Making Homes More Energy Efficient Together

home repair energy efficiency photo

Prescott speaking with one of the homeowners. Image credit:Heather Moyer

My colleague Heather Moyer recently spent the day with a crew of volunteers who weatherized the home of a low-income senior couple in Baltimore. I want to share her story and find out whether any Treehugger readers have volunteered in a similar way. I also want to make you aware of the Rebuilding Together organization, which leads projects like this around the country—possibly near you—so you can see about getting involved.It helps if you know what a caulking gun is, but you really don't need any home-improvement experience in order to volunteer. Just roll up your sleeves and prepare to work—and smile.

Heather was invited to participate in Rebuilding Together Baltimore's "National Rebuilding Day" by her friend Prescott Gaylord, founder of Baltimore Green Construction. Prescott loves to make homes and buildings green, which is important because buildings contribute to more than 40% of U.S. global warming pollution. Read Heather's story, and then share yours!

From Heather Moyer:

I'd helped with Rebuilding Together projects in Baltimore in previous years, but never one focused on energy-efficient home upgrades.

Prescott was thrilled about this focus: "That is the work that I am most interested in -- and I liked the chance to apply the knowledge and skills to their good cause. It also appeals to the same part of me that is a Sierra Club member."

Prescott and Alice Kennedy, who works at Prescott's other business, City Life Realty, worked with Rebuilding Together Baltimore (RTB) to do an energy audit on one home before build day. It was the home of Edith and Carl Smith (last name changed for their privacy). The audit showed exactly what needed to be done to save the Smiths money on their energy bills, which Mrs. Smith said had been skyrocketing in the past few years.

"The mission of (RTB) is to help low-income homeowners through renovation and repair work on their homes and to 'keep people living in warmth, safer and independence' while building stronger and better communities in Baltimore City and Baltimore County," explained Alice.

"A lot of the homeowners are seniors who are on fixed income with little to no money, help or ability to do things around the house, so not only were we helping them accomplish tasks, we were also helping them to save money which in turn could help them stay in their homes longer or help pay for other items such as prescription medication, food, or transportation."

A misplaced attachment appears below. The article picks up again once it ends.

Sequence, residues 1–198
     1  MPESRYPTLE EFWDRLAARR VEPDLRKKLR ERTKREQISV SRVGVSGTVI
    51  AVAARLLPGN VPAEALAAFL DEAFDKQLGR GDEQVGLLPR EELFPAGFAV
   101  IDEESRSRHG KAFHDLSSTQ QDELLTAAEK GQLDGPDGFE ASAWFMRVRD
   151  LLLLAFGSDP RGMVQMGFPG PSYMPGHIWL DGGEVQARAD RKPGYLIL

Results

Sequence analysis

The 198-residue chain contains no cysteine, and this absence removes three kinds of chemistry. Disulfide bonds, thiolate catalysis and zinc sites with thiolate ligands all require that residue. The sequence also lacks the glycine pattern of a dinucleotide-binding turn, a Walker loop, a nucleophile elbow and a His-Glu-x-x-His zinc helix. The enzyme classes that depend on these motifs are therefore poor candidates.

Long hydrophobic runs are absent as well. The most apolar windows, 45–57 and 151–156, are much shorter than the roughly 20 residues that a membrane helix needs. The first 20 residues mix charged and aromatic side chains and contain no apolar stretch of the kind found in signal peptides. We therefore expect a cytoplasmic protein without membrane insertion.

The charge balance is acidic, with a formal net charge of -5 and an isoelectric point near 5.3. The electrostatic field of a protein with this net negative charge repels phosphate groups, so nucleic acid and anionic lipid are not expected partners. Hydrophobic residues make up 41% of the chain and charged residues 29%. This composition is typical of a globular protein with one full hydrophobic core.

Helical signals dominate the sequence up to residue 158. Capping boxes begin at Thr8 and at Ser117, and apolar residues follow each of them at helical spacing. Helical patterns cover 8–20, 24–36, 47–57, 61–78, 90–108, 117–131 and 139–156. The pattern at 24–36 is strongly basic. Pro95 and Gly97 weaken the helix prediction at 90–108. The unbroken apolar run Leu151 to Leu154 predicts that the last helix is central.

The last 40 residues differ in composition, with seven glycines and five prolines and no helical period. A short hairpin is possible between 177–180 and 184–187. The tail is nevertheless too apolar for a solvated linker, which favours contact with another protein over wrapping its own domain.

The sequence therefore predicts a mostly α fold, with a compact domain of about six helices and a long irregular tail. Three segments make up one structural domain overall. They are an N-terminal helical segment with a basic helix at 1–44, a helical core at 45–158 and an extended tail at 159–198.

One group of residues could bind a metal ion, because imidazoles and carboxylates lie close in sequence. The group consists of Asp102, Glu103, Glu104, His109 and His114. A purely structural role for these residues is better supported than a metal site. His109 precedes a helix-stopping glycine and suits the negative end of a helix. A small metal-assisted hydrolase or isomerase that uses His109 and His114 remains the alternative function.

So last Saturday rolled around and a team of volunteers showed up to help the Smiths fix their home to save them money and to save energy.

Prescott had us break up into teams to do various tasks. Some of us insulated hot water pipes in the basement, others put an insulated jacket on the hot water heater, and others sealed cracks in the furnace duct work. Prescott said these acts may seem small, but they save a lot of money and energy.

According to the Rocky Mountain Institute, the water-heater jacket alone reduces heat loss through the walls of the tank by 25—45 percent, saving about 4—9 percent of one's water heating costs. Not bad!

I took the dirty task of crawling up under rafters in the basement to foam areas where the house met the foundation -- another place Prescott said is prone to excessive energy loss. I also foamed the cracks around the front door to reduce drafts.

Other volunteers -- some great Baltimore Police Academy trainees -- replaced the old drafty basement door with a weather-stripped one and weather-stripped the home's main front and back doors.

The Smiths were happy to see us bustling around their home, with Mrs. Smith even helping us in the basement for a time. Mr. Smith is a Korean War veteran, so helping them out felt even more like giving back.

Prescott, Alice and all the volunteers agreed that the day went great. Everyone got a lot done and the Smiths were very appreciative of the help.

"I think the best part was seeing the smiles on the homeowners' faces and knowing how appreciative they were of what we were there to do and accomplish," said Alice. "I was explaining to the homeowner about some of the ways weather-stripping, pipe insulation and caulking can help and she was so receptive and excited that they may save money on a monthly basis."

Alice added that the day's work was also part of a larger mission and message.

"Saving energy is not just good for the environment, but it helps homeowners save money and helps communities stabilize and grow," she explained. "A lot of lower income families and homeowners are not aware that there are small, inexpensive steps that can be taken to help them save money on their monthly utility bills. Hopefully, by helping one family, it will start a trickle-down effect and other families can be helped by learning and hearing about the small steps we took."

Prescott added that many of the tasks we did in the Smith home can be done easily by most homeowners. He's excited to do the National Rebuilding Day again next year, and I'll be there to lend a hand!

Thanks to Heather for sharing. Treehugger readers, we're interested in hearing from you - anyone else done this before?

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Making Homes More Energy Efficient Together
My colleague Heather Moyer recently spent the day with a crew of volunteers who weatherized the home of a low-income senior couple in Baltimore. I want to share her story and find

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